England became a unified state in AD 927 and, since the 15th century, has had a significant impact on the wider world, developing the English language, the Anglican Church, and English law – the basis for the common law legal systems of many other countries around the world. Its beautiful and varied countryside is interspersed with quaint villages and cosmopolitan cities including the capital, London.
The name "England" is derived from the Old English name Engla land, which means "land of the Angles". The Angles were one of the Germanic tribes that settled in Great Britain during the Early Middle Ages.
A Fashionable Afternoon Tea at The Lanesborough Hotel
Bring in the summer in styleon the 1st July, when this prestigious hotel teams up with fashion label Harvey Nichols to offer a luxurious Champagne Afternoon Tea and fashion show.
There’s nothing more quintessentially English than afternoon tea, especially when it’s in the luxurious surroundings of The Lanesborough Hotel. Bring in the summer in style on the 1st July, when this prestigious hotel teams up with fashion label Harvey Nichols to offer a luxurious Champagne Afternoon Tea and fashion show. Enjoy this renowned, traditional tea in The Lanesborough’s opulent restaurant Aspleys, whilst sipping on champagne, as models glide down the catwalk wearing the best of this seasons resort wear.
The Lanesborough is one of London’s most prestigious hotels, located in Knightbridge, opposite Hyde Park. It has won numerous awards for it’s delicious afternoon tea, including Best in London and an Award of Excellence, both by The British Tea Guild. A sumptuous tea, made up of dainty sandwiches and a mouth-watering selection of freshly baked scones, cakes and pastries, all washed down with champagne and a careful selection of tea varieties.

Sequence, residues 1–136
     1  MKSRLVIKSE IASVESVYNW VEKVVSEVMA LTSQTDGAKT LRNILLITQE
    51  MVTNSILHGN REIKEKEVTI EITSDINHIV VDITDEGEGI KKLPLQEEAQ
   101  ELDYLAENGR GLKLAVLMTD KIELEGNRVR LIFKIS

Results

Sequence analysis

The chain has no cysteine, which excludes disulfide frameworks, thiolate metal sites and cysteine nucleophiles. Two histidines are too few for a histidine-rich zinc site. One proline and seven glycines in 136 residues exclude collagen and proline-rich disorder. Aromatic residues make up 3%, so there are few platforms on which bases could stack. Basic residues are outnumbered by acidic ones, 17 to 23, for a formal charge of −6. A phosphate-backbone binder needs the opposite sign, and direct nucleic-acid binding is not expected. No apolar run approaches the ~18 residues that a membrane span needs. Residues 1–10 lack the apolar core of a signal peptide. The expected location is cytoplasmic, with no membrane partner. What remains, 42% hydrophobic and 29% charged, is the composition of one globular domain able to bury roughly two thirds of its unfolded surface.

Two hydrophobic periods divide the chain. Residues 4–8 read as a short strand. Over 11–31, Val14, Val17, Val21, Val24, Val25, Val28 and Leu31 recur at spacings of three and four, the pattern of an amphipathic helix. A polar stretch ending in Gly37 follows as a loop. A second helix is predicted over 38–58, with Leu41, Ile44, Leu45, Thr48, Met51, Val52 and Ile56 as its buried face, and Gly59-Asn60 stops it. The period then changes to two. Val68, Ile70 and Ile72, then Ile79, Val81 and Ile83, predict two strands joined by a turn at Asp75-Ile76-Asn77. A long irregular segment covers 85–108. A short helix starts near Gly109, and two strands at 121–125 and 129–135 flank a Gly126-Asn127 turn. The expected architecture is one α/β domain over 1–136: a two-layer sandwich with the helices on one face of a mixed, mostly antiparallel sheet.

Whether you are on the hunt for a new holiday wardrobe, or looking for perfectly tailored swimwear to flaunt on the beach, this is the event for you. With designers such as Heidi Klein, We Are Handsome and Missoni, Harvey Nichol’s will showcase exclusive beachwear for you to draw inspiration for your holidays; A handpicked selection of the chicest swimwear options and cover-ups of the season.
There will also be advice from top designers Heidi Gosman and Penny Klein, on how to achieve that poolside look. The show will highlight their latest collection of chic, feminine and glamorous attire, perfect for that exotic trip abroad or weekend away in Britain. Don’t miss out on the chance to select your new resort wardrobe in the affluent surroundings of The Lanesborough Hotel.
The Lanesborough’s Fashionable Tea will be held on the 1st
July, from 4.00pm to 5.30pm and priced at £49.00 per person plus 12.5% service
charge. For reservations, please call 020 7259 5599 or visit www.lanesborough.com
All-Australian orchestra to perform at the City of London Festival
The annual City ofLondon Festival will begin this year on the 26 June and will end on the 16 July. Read More »
History of Royal Ascot
The 300-year story of racing at Ascot begins in 1711, when Queen Anne put the idea into motion to pursue her love of horse racing.
The 300-year story of racing at Ascot begins in 1711, when Queen Anne put the idea into motion to pursue her love of horse racing.
Ascot Racecourse is a famous English racecourse, located in Berkshire, and used for thoroughbred horse racing. It is one of the leading racecourses in Britain hosting nine of the UK’s 32 annual Group 1 races. Ascot is closely associated with the British Royal Family as it is approximately six miles from Windsor Castle.